On July 23rd Japanese fight fans get a world title double header in Tokyo. One of those looks like a real treat, as the Minimumweight division against looks like it's going to shine. That bout sees IBF champion Jose Argumedo (20-3-1, 12) defending his title against human wrecking ball Hiroto Kyoguchi (7-0, 6). Interestingly Argumedo won the title in Japan, beating Katsunari Takayama, and will be returning their for his next defense. He's not the best boxer out there but is a big, tough, strong fighter with a style that should gel against the all action Kyoguchi, who had always hunted stoppages and will be stepping up massively. This looks almost certain to be a war, and one that could have fight fans give some real attention to the Minimumweight division, at least for the duration of the contest.
The Super Bantamweight division is one of the best in Japan right now, with the country having two world champions and a host of contenders. On the domestic scene the division is red hot and on July 29th we'll see heavy handed Japanese champion Yusaku Kuga (14-2-1, 10) defending his title against the under-rated Ryoichi Tamura (8-2-1, 5). Although this is one that will be for the truly hardcore, with the bout being shown on subscription site Boxingraise, it has the potential to be a thrilling and explosive fire fight. Kuga is spiteful puncher, who is relatively unrefined but so heavy handed that every shot he throws is hurtful. As for Tamura he has been matched hard from the off and comes into this on a 5-fight winning run, having stopped his last 4. This has the ingredients of a short lived war with combustible styles colliding in a thoroughly exciting stylistic match up. Both fighters fighters are going to be tagged, and this could be over very quickly, or be an all out thriller.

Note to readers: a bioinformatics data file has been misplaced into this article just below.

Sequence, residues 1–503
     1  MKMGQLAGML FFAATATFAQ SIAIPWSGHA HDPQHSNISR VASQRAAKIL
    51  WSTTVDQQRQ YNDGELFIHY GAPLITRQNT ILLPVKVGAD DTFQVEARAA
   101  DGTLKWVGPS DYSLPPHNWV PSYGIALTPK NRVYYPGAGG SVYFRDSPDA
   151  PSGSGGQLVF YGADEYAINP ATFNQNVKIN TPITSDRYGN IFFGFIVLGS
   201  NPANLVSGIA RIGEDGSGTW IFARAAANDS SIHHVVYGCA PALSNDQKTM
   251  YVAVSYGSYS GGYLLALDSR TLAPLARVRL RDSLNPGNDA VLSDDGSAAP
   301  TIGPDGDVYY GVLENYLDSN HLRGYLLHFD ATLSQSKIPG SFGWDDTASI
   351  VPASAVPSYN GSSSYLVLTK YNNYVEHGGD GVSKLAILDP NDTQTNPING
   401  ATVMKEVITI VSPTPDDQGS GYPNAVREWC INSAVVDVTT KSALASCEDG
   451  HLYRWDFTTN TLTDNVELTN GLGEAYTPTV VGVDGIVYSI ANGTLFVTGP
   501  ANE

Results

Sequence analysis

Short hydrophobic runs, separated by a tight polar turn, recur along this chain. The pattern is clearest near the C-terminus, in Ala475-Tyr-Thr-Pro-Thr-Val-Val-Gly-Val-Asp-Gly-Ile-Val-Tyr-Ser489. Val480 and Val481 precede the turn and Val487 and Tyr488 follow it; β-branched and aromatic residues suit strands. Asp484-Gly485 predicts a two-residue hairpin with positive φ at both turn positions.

To end the month we stay with the type of bouts only the hardcore fans would look at with any excitement going in. That's the OPBF Bantamweight title fight between defending champion Mark John Yap (26-12, 12) and former 2-time Japanese national champion Kentaro Masuda (27-7, 15). On paper this doesn't look amazing, with the men having almost 20 losses between them, but records are certainly misleading and shouldn't be used to judge match quality as the styles, mentality and skills of these two are much better than the numbers suggest. What we have here are two rough and tough Bantamweights looking to move towards a world title fight and we're expecting a rough, punishing 12 round war for the Oriental title and for pride. Don't sleep on this one.
Yeah we know people are angry about the result of Pacquiao Vs Horn but don't let that cloud what should be a month of brilliant action, and really we should be excited that the next 4 weeks is set to be nothing short of brilliant and full of treats for us fans, hardcore and casual.
This is just an opinion, maaaan! It's easy to share our opinions, and that's what you'll find here, some random opinion pieces